As the widow of a long-term coal miner, Mrs. Collins is entitled to BLBA survivor's benefits if pneumoconiosis contributed to or hastened his death. There is no question that before his death, the miner suffered from pneumoconiosis, namely, COPD due to coal mine dust exposure and smoking. That is a collaterally-estopped fact arising from a 1988 lifetime BLBA award in the miner's claim. It is also a collaterally-estopped fact that his respiratory condition at that time was totally disabling.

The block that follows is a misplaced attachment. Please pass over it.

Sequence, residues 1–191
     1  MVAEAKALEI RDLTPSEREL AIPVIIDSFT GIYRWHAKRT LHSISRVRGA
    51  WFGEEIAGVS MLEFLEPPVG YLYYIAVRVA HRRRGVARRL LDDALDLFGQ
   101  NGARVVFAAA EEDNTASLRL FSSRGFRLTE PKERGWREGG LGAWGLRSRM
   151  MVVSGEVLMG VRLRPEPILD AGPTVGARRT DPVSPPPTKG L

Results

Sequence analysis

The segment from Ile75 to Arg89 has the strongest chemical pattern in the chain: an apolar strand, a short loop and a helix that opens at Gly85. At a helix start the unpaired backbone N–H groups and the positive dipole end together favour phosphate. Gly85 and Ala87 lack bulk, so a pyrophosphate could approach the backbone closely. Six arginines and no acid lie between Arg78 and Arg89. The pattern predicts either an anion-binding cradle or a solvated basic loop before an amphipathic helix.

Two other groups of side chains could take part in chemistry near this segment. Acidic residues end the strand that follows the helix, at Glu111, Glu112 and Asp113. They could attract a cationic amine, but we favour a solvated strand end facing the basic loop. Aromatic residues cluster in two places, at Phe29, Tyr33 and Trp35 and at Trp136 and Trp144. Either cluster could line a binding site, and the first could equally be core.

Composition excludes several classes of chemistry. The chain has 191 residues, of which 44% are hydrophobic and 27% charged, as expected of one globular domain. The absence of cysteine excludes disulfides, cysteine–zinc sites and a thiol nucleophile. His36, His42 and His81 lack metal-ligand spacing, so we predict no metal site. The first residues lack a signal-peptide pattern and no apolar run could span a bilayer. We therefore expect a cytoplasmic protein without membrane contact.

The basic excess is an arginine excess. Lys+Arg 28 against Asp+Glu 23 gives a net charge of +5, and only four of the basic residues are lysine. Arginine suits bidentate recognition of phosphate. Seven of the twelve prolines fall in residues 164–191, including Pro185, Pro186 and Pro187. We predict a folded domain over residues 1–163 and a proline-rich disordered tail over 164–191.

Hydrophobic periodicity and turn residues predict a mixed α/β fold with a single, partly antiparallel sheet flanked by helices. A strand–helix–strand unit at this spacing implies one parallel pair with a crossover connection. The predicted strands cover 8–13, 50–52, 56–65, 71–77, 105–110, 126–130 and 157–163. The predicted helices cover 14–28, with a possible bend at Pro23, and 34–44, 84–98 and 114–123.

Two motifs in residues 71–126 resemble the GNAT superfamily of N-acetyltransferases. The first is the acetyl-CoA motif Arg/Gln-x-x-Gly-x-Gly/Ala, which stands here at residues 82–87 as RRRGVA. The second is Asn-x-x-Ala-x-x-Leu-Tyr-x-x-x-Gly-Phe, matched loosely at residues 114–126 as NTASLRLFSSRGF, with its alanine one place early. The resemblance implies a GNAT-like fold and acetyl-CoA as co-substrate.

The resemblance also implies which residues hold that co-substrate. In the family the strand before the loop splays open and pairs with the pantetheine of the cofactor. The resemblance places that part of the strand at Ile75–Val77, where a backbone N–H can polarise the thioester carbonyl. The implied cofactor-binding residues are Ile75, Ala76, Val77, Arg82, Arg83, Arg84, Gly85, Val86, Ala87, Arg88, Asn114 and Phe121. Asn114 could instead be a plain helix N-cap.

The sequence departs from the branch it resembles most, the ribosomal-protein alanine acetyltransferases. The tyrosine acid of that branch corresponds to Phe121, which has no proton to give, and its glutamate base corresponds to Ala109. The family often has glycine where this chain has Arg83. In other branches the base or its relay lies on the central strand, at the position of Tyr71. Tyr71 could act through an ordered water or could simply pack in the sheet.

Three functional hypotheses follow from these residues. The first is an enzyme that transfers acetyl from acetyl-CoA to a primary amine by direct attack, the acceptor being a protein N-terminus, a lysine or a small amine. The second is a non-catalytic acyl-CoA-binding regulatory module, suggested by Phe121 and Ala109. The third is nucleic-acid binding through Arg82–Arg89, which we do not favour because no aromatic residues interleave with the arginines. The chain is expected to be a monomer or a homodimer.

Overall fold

Drs. Younes and Gaziano, both Board-certified internists and pulmonologists, both concluded that the miner's pneumoconiosis contributed to his death. Dr. Younes was the miner's treating physician for approximately three years immediately prior to death and the record contains a number of his treatment reports; Dr. Gaziano completed a reviewing report at DOL's request. In addition, their conclusions are supported by two of Pond Creek's doctors: Drs. Jarboe and Morgan. Those doctors reported that the miner's heart condition and COPD (which they wrongly believed was due solely to smoking) contributed to his death, and COPD is the condition found in the miner's 1988 lifetime award to be due to coal mine dust exposure. In addition, Dr. Morgan clearly and concisely explained how the miner's respiratory condition adversely affected his heart condition: the miner's COPD caused hypoxemia (deficient oxygenation), which in turn caused arrhythmia (irregular heartbeat).